On April 1, the Department of the Treasury’s Office of Foreign Assets Control (OFAC) amended two of its pre-existing Ukraine-Russia-related General Licenses.

First, General License 12B (GL12B) replaces and supersedes General License 12A in its entirety. GL12B authorizes the listed entities to access blocked accounts for purposes of “maintenance or wind-down activities.” Previously, while GL12/GL12A had permitted maintenance or wind-down activities, it had required all payments to or for the benefit of the 12 designated entities to be made to a blocked account (this requirement was relaxed for RUSAL only in General License 14); in practice, therefore, the listed entities found it very difficult to engage in even licensed activity because most of their funds were blocked.

GL12B aims to remedy this by continuing to require U.S. Persons to make payments into blocked accounts, but authorizing the designated entities to now access those funds for “maintenance or wind down activities.” All of the other conditions on GL12/GL12A—including the 12:01 AM (East Coast) on June 5 expiration date—remain in place.

Second, OFAC issued General License 13A, which replaces and supersedes General License 13 in its entirety. General License 13A makes four general changes to General License 13:

(1) extends the authorization to three subsidiaries of the listed entities—Irkutskenergo, GAZ Auto Plant, and Rusal Capital Designated Activity Company—(previously, the divestment authorization applied only to (a) EN+ Group PLC, (b) GAZ Group, and (c) United Company RUSAL PLC and not to their subsidiaries);

(2) clarifies that U.S. persons can undertake certain “intermediate” purchases of debt/equity if those are necessary to divestment (i.e., purchases of securities to close out a short     position);

(3) clarifies the authorization extends to purchases of securities by designated persons made prior to April 6, but which have not settled due to sanctions; and

(4) extends the authorization through 12:01 AM (East Coast) on June 6, 2018 (previously it was the same time on May 6, 2018).

OFAC issued three new Frequently Asked Questions (FAQs) to explain the changes. The first two FAQs (#583-584) simply reiterate the changes summarized above. The only relevant new FAQ (No. 585) reiterates the bright line 50 percent rule, noting that U.S. Persons are “generally” not prohibited from engaging in a transaction with a non-U.S. company if one or more SDNs hold less than 50 percent aggregate interest.

This interpretation is consistent with existing guidance, but was likely re-issued to affirm the existing position as a result of the number of non-U.S. companies in which the new SDNs hold a minority interest (e.g., Renova Group’s 48 percent interest in Sulzer Group and its smaller interests in dozens of other entities).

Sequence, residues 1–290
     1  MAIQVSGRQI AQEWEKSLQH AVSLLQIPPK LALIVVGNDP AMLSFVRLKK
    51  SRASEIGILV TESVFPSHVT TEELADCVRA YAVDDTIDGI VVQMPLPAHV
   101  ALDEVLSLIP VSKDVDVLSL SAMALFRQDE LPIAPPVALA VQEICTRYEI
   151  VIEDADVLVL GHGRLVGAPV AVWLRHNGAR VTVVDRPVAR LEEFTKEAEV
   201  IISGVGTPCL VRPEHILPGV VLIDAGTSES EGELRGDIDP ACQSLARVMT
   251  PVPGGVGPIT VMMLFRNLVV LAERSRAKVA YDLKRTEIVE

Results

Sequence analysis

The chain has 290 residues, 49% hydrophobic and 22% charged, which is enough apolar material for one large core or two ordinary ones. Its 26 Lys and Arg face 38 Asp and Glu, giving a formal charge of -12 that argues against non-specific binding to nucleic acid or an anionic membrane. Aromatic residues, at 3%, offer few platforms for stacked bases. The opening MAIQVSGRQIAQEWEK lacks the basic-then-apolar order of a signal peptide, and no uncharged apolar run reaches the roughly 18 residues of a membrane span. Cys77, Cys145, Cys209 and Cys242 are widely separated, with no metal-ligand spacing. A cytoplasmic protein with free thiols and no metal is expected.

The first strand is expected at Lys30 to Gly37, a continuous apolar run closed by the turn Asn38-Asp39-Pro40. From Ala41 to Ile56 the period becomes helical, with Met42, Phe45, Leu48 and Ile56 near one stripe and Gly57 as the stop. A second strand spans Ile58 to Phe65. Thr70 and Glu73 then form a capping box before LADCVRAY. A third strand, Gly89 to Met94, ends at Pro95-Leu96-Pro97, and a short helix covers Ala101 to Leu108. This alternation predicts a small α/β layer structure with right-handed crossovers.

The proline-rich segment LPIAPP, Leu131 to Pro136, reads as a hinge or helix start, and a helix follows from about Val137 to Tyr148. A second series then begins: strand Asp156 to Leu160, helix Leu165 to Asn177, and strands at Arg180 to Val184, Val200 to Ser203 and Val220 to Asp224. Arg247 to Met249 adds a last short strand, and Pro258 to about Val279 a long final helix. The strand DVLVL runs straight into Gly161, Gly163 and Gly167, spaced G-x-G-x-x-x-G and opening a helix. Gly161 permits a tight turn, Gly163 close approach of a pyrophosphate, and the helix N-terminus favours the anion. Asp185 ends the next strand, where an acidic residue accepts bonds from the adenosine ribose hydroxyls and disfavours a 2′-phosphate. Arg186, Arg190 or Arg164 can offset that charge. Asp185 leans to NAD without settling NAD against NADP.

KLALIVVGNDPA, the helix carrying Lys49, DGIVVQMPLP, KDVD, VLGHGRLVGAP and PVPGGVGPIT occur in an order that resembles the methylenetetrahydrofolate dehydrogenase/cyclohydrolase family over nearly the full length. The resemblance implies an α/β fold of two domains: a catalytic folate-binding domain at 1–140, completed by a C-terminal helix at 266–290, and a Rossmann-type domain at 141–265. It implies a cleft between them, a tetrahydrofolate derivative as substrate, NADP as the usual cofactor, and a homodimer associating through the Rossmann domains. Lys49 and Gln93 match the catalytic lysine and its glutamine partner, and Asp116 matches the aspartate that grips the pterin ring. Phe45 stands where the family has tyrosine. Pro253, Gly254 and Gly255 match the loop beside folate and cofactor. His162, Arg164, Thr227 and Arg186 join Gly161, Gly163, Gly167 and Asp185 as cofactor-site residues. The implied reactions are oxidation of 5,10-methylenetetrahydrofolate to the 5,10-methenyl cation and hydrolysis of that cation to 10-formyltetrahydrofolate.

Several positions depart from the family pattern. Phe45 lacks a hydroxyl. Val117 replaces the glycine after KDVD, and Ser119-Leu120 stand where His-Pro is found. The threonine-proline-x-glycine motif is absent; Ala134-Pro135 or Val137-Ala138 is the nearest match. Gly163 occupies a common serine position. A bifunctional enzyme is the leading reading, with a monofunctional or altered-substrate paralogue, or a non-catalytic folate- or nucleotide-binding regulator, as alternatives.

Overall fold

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Photo of Dj Wolff Dj Wolff

David (Dj) Wolff is a partner and attorney at law in the firm’s Washington, D.C. and London offices and a director with C&M International, the firm’s trade policy affiliate.

At Crowell & Moring, he practices in the International Trade Group, where his practice…

David (Dj) Wolff is a partner and attorney at law in the firm’s Washington, D.C. and London offices and a director with C&M International, the firm’s trade policy affiliate.

At Crowell & Moring, he practices in the International Trade Group, where his practice covers compliance with U.S. economic sanctions, export controls and antiboycott regimes, and anti-money laundering (AML) laws and regulations. He is experienced in providing day-to-day compliance guidance, developing compliance programs including through on-site compliance trainings, responding to government inquiries, conducting internal investigations, representing them during civil and criminal enforcement proceedings, and, in collaboration with colleagues, managing the potential conflict of laws that can arise from the interaction between extraterritorial impacts of U.S. regulations and third country “blocking” laws or data privacy regulations. Dj splits his time between Washington and London, working regularly with European clients and colleagues to provide coordinated guidance on U.S., U.K., and EU sanctions compliance and enforcement. Dj also has extensive experience in international mergers and acquisitions, advising both buyers and sellers regarding the international trade implications of a potential deal.